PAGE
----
November 2015: Click for Credit

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Topics include: Low-risk prostate cancer • CVD and extremes of sleep • S aureus in pediatric CAP • Sunscreens with DNA repair enzymes • Breastfeeding and postpartum MS relapse • Diabetes and dementia in seniors • Arrhythmia risk in psoriasis • Hepatitis C complications and mortality


Here are 8 articles in the November issue of Clinician Reviews (accreditation valid until January 1, 2016):

1. Low-risk Prostate Cancer: Immediate Contemplation, Not Immediate Intervention
To take the posttest, go to http://bit.ly/1Vz6Cok

Key clinical point:
Men with favorable-risk prostate cancer have a low risk for progression to a lethal phenotype and should consider active surveillance.
Major finding: Of 1,298 men with favorable-risk prostate cancer who were enrolled in an active surveillance program, overall, cancer-specific, and metastasis-free survival rates were 69%, 99.9%, and 99.4%, respectively, at 15 years.
Data source: A follow-up of a cohort of men with favorable-risk prostate cancer receiving active surveillance at a single institution that used a clearly defined protocol for enrollment, monitoring, and intervention.
Disclosures: There were no outside funding sources reported. Some coauthors reported consulting or advisory roles with Metamark Genetics, MDxHealth, Dianon Systems, DAKO, Trock, SonaCare Medical, Myriad Genetics, Rochon Genova, Rothwell Figg, and Roche.

2. Diabetes in Seniors Increases Dementia Risk
To take the posttest, go to http://bit.ly/1Q1bITm

Key clinical point:
Even short-term hyperglycemia in late life can trigger or accelerate cognitive decline, and incident diabetes is a risk factor for dementia after adjustment for differences in cardiovascular disease and other common risk factors.
Major finding: Individuals diagnosed with diabetes later in life have a 16% higher risk for dementia than do those without diabetes.
Data source: A population-based matched cohort study in 225,045 seniors newly diagnosed with diabetes and 668,070 nondiabetic controls.
Disclosures: The Canadian Institutes of Health Research, the Heart and Stroke Foundation of Ontario, the Canadian Institutes of Health Research, the University of Toronto, and the Ontario Ministry of Health and Long-Term Care supported the study. One author reported an unrestricted grant from Amgen, but there were no other conflicts of interest declared.

3. Extremes of Sleep Linked With Early Signs of CVD
To take the posttest, go to http://bit.ly/1FSvLmw

Key clinical point:
Individuals with very long or short sleep, or poor sleep quality, showed signs of early cardiovascular disease.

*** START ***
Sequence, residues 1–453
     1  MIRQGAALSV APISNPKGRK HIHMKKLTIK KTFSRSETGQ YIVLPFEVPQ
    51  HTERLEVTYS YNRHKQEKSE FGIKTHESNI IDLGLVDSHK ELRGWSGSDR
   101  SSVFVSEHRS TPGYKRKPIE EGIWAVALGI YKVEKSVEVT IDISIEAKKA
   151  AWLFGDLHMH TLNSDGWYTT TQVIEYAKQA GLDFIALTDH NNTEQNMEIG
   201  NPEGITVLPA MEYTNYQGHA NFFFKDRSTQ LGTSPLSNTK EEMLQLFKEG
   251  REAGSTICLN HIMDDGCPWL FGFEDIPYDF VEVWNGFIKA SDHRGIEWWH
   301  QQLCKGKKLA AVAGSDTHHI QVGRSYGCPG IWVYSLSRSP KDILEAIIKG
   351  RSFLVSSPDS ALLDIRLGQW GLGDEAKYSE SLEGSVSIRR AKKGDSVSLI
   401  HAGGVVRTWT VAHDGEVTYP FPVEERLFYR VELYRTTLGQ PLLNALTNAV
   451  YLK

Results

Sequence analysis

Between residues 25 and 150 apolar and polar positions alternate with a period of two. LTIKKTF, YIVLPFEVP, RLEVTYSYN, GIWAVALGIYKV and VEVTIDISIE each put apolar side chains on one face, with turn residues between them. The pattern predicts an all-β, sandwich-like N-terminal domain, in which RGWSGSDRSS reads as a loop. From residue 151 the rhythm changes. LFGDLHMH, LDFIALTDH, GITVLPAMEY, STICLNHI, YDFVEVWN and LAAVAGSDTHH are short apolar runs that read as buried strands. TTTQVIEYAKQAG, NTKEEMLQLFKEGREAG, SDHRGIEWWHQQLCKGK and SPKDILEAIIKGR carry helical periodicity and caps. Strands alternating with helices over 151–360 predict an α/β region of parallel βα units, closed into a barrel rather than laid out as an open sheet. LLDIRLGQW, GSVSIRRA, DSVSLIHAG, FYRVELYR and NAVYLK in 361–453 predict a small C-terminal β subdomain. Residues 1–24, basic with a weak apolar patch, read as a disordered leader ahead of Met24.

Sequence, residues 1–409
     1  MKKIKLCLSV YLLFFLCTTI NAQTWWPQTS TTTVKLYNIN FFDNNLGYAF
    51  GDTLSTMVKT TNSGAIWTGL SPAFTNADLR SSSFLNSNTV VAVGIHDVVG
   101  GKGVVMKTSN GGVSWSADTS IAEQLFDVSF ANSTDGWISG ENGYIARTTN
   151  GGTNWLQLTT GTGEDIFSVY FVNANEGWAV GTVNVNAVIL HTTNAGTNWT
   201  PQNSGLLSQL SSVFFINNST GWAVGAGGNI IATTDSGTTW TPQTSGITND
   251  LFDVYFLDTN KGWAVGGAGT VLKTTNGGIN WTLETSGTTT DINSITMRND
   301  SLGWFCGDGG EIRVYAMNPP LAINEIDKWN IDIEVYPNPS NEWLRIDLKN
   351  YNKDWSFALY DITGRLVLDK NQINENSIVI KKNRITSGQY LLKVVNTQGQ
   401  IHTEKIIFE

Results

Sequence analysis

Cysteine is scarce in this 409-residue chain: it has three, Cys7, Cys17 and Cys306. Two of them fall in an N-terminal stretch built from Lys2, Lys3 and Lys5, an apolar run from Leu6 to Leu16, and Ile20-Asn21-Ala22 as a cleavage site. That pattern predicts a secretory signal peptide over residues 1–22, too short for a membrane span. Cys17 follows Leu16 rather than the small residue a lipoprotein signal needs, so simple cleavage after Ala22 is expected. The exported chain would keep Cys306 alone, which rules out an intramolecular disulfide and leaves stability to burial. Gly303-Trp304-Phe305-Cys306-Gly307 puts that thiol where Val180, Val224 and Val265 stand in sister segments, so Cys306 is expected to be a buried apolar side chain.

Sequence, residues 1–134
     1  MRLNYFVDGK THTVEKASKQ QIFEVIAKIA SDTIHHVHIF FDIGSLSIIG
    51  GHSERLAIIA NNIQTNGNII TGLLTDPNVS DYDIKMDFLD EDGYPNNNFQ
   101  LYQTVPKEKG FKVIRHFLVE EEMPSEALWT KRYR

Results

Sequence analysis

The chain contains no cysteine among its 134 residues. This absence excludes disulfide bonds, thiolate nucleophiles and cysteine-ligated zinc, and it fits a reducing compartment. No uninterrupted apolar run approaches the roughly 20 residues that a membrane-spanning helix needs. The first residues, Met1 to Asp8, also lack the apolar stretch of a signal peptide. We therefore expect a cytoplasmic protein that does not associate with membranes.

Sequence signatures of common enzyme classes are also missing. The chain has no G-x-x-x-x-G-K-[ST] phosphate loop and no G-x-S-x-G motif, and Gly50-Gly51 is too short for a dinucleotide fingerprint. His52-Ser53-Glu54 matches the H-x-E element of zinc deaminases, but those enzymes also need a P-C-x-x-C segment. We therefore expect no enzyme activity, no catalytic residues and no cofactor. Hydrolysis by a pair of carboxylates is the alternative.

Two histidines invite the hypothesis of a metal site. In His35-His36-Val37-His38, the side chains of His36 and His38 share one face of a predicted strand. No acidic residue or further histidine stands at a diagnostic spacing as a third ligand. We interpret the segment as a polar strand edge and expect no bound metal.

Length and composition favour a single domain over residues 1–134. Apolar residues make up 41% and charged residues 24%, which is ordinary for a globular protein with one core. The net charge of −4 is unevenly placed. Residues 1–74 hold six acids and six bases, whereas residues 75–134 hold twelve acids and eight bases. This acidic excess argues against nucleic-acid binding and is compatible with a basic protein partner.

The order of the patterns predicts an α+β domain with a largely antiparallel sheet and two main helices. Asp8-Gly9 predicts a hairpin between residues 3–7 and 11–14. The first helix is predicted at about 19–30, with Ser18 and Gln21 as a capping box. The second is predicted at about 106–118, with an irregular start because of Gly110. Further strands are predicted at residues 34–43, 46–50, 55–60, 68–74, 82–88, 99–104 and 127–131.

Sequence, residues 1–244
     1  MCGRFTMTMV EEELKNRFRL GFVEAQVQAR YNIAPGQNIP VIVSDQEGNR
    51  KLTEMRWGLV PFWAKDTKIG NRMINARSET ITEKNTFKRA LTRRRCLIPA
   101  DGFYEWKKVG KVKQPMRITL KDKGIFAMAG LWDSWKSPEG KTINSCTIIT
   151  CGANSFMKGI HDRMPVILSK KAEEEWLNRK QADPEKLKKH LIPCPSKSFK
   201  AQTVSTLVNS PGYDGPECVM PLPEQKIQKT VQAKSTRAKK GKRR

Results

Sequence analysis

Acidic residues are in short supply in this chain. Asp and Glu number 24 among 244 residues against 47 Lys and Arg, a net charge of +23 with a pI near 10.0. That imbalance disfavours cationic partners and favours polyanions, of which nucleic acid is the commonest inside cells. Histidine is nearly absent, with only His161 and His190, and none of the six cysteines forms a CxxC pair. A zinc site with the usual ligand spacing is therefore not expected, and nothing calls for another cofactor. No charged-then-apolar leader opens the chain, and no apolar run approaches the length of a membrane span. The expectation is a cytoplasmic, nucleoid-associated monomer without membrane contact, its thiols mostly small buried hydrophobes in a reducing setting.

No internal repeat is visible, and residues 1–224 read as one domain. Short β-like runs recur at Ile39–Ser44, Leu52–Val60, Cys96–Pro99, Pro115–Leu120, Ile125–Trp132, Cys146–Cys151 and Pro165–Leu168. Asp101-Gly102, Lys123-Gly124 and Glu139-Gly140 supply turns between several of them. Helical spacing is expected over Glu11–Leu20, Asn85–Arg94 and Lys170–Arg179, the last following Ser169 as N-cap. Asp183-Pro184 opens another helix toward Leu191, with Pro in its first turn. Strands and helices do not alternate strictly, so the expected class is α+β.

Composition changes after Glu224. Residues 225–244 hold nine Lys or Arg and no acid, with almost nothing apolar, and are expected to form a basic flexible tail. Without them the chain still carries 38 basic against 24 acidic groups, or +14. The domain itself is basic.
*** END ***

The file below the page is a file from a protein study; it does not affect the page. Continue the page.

Major finding: Extremely short and extremely long sleep duration were associated with significantly increased levels of coronary artery calcification (CAC) and increased brachial-ankle pulse wave velocity (baPWV).
Data source: Cross-sectional study of more than 47,000 healthy adult men and women who reported sleep duration and quality and underwent either measurement of CAC.
Disclosures: The funding source was not reported. The authors reported no disclosures.

4. Sunscreens With DNA Repair Enzymes Might Lessen AK Progression
To take the posttest, go to http://bit.ly/1LdZWFf

Key clinical point:
Sunscreen containing DNA repair enzymes might prevent malignant progression of actinic keratosis better than sunscreen alone.
Major finding: Field cancerization and cyclobutane pyrimidine dimer levels improved significantly more with sunscreen plus enzymes than with sunscreen only (P < .0001 for each).
Data source: Six-month randomized trial of 28 patients with actinic keratosis.
Disclosures: Biodue S.p.A. provided the methyl aminolevulinate used in the study. Dr. Enzo Emanuele, the study’s senior author, is a major shareholder of Living Research S.A.S., a privately held biomedical research organization that provided funding for the work. The other researchers reported no conflicts of interest.

5. Breastfeeding Protects Against Postpartum MS Relapse
To take the posttest, go to http://bit.ly/1OSYU49

Key clinical point:
Don’t discourage new mothers with multiple sclerosis from breastfeeding.
Major finding: Among 81 women who did not breastfeed or who supplemented breastfeeding early on, 31 (38.3%) had an MS relapse within the first six postpartum months, compared with 29 women (24.2%) among the 120 who intended to breastfeed their children exclusively for at least two months (adjusted HR, 1.70).
Data source: A prospective study of 201 pregnant women with relapsing-remitting MS who were followed for one year post partum.
Disclosures: The work was funded by the German Research Foundation. The German MS and pregnancy registry was partly supported by Bayer HealthCare, Biogen Idec, Merck Serono, Novartis Pharma, and Genzyme Pharmaceuticals. Five of the researchers reported receiving speaker honoraria or other financial support from pharmaceutical companies.

6. S aureus Seen in 1% of Pediatric CAP Cases
To take the posttest, go to http://bit.ly/1FPJnQ3

Key clinical point:
About 1% of children presenting to a hospital with community-acquired pneumonia had Staphylococcus aureus infections, which do not respond to recommended firstline narrow-spectrum antibiotics for CAP.
Major finding: In a cohort of 554 children admitted with CAP, seven had S aureus infections, six classified as complicated. All received vancomycin within 24 hours of admission; anemia incidence was significantly higher in S aureus patients than for the rest of the cohort.
Data source: Retrospective cohort study of more than 3,400 children.
Disclosures: The study received no outside funding, and Dr. Hofto disclosed no conflicts of interest.

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